When things don’t work, we could of course do a Google search. But, since our rails app is running inside a new context, namely a Docker container, our results are limited right now. A better way to troubleshoot is to inspect our container itself. But, we can’t get SSH into our container: for the same reasons that we don’t want to run postgres inside the same container as our Rails app, it is consensus among many Docker users that we should not use an SSH server inside our container, and I generally agree. You could install SSH temporarily, but then we are cluttering the image and our build steps will get complicated when we back out the change to ready for deployment. Instead we can use nsenter from one of the Docker employees to shell into a running container. This is the right way to debug running containers as you keep your experimental commands out of the workflow for building the final image. Unfortunately, using the installation instructions for nsenter did not work (it never built the binary into my OSX /usr/local/bin directory) but putting this snippet of code (explained further down in the README) did work.

I added these lines to my .bash_profile (and then running “. ~/.bash_profile” to “source” it) and then could use the “docker-enter” command. Running docker-enter looks like this:

So, I can get a shell to the database server, and see the databases inside the running databases. So, we know things are working with the Postgresql server. I did not suspect this was the issue anyway, the problem is in the connectivity from the rails container. But it is nice to see that we can make sure everything is working as we expect on the Postgres server. If you have the Postgres command line tools installed on your host machine, you could use those to test against the server here. Make sure to specify the IP address of the docker host (a command that might look like “psql -h”). If we jump into the Rails app container using docker-enter (“docker-enter ff806bee1067″), and then install postgresql tools as we did above, we can try to get to the server and diagnose what’s happening. Reading the documentation for link, we should be able to see an environment variable which tells us the IP of our Postgres server and how to reach it. Let’s figure this out:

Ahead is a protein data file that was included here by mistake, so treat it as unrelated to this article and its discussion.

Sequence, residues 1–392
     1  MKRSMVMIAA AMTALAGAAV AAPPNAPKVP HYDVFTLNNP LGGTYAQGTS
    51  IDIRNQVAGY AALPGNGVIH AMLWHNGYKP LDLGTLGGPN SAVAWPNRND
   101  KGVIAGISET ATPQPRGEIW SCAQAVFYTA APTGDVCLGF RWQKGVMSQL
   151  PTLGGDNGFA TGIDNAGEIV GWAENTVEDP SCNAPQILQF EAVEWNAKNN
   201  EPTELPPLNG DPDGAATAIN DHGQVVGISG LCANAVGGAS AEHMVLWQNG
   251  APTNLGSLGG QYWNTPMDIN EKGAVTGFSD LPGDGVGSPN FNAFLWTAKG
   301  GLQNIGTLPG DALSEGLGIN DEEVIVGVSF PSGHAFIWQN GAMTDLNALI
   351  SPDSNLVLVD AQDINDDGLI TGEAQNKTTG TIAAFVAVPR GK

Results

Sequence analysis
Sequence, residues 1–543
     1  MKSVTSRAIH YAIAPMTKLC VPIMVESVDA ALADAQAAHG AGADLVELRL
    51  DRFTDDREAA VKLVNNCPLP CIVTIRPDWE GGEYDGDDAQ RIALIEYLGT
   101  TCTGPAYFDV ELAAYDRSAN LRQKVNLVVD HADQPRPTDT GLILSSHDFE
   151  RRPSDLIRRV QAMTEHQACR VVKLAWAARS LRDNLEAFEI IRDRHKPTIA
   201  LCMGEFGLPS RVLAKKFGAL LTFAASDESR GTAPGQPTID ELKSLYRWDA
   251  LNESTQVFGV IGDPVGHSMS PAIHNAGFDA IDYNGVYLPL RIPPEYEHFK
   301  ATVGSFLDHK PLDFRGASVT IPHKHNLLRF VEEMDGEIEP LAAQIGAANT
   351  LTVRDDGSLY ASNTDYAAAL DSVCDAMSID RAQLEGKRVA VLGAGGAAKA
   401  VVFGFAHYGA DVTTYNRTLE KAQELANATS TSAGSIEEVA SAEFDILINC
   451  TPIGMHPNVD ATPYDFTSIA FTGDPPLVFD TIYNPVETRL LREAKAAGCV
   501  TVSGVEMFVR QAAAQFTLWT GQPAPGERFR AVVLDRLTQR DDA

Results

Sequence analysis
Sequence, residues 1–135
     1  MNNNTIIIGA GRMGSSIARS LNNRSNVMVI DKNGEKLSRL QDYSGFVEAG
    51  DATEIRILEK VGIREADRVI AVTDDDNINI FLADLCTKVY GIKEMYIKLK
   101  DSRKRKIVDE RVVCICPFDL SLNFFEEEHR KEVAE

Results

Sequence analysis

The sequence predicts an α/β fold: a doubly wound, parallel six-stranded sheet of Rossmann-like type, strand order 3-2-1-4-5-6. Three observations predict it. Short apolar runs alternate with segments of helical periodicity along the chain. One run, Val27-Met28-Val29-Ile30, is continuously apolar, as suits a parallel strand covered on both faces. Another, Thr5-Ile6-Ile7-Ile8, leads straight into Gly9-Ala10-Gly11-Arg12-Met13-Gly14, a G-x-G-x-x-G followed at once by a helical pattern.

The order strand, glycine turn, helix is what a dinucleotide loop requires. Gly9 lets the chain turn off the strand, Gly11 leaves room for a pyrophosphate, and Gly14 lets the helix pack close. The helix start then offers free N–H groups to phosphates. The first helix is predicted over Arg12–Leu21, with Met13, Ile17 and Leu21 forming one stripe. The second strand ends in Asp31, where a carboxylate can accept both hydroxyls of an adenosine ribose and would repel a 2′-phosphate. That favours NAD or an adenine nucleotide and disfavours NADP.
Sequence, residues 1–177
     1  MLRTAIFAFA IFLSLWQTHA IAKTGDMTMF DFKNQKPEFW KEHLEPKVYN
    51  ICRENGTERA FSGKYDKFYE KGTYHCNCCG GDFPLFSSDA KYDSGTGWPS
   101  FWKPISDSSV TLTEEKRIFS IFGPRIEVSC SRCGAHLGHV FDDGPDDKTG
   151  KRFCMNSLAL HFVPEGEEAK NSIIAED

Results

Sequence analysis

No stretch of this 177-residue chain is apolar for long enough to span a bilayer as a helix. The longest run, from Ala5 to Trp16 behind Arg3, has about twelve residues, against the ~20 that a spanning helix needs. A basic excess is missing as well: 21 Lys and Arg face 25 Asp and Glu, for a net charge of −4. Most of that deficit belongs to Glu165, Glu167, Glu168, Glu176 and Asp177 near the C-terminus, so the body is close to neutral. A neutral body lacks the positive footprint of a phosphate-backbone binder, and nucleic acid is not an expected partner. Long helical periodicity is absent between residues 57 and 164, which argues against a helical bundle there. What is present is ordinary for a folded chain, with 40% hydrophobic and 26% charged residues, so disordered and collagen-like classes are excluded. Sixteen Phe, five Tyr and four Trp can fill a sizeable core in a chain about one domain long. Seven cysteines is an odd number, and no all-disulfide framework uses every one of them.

Nothing! Thanks to cpuguy83 on IRC who told me: “nsenter runs in a separate process. /proc/1/env is what you want.” Docker adds the environment variables for the link into just the process, not the entire container. So, you need to use the proc filesystem to inspect that specific process and see its environment, which nicely happens to be the first process in the container.

So, we can see it in that jumbled mess. As the docs explain, we’ll get our environment variables prefixed with the linked alias converted to uppercase. In this case we can see the environment variable we want is this one: SAMPLE_RAILS_POSTGRES_PORT_5432_TCP_ADDR. Let’s add this to our database.yml file.

(This command uses inline ruby edit mode with a gsub command to change the line “host: localhost” to a line which pulls the environment variable, and ignores the commented out line below that looks like ‘#host…”) Essentially what we are doing is using the environment variable when it exists, but the original localhost host when the variable does not. So, things will still work in our local environment. Now, if we run again, we should see it work right? Nope! We will still get our connection failed issue. Our image still references the same source files as before (so the image did not have our source file changes to config/database.yml), so we need to rebuild. So, go take another nap. Seriously, you don’t have time to take a nap, but this does require a wait time which is frustrating, especially when you are figuring things out.

Specifying the user for the container

Now, we see something different. User root does not exist This is a step forward: we are running as root inside our container and postgres tells us there is not a root user specified in our database. We can see from the previous output of our “\list” command (using the psql client from inside the postgres container) that there is a database named postgres owned by the postgres user. Your local postgres installation could have a different username, etc. so you’ll want to adjust the config/database.yml file to reflect this. Something like this:

This checks to see if we are running locally and if so uses our local postgresql user (“xrdawson”, my username on my OSX machine) and otherwise uses the “postgres” user which is what we will use when running inside docker containers. Heroku will ignore all of this, as it generates its own config/database.yml, so this will all still run within Heroku even with our changes here. Our final config/database.yml file might look like this (just the development section):

Note that we changed the database to “postgres” from the original “ruby-rails-sample_development” name. Our local server does not care that what the name is, but our dockerized server does, so let’s use the one which works for Docker. We have the host dynamically determined if running within Docker, and we specify the username based on whether we are running locally or inside Docker. We now need to make sure to run the rails command “rake db:schema:load” to load our schema into the database right after we instantiate the container which is linked to Postgres. We can add this to our Dockerfile so that after our container is built we run this command. Be sure to notice the difference between the RUN, CMD and ENTRYPOINT, each of which looks like it could help. RUN is not going to work, because this runs a command which is built into the image: RUN happens at the “compile” phase, when the image is generated, not at the “run” phase. The “run” phase is the only time our app gets the environment variables for the postgres server. CMD and ENTRYPOINT both work once the container is instantiated, but running CMD seems to override the existing ENTRYPOINT for the rails base image (which means it won’t run “rails s” to start the server). So, we need both a CMD and an ENTRYPOINT command: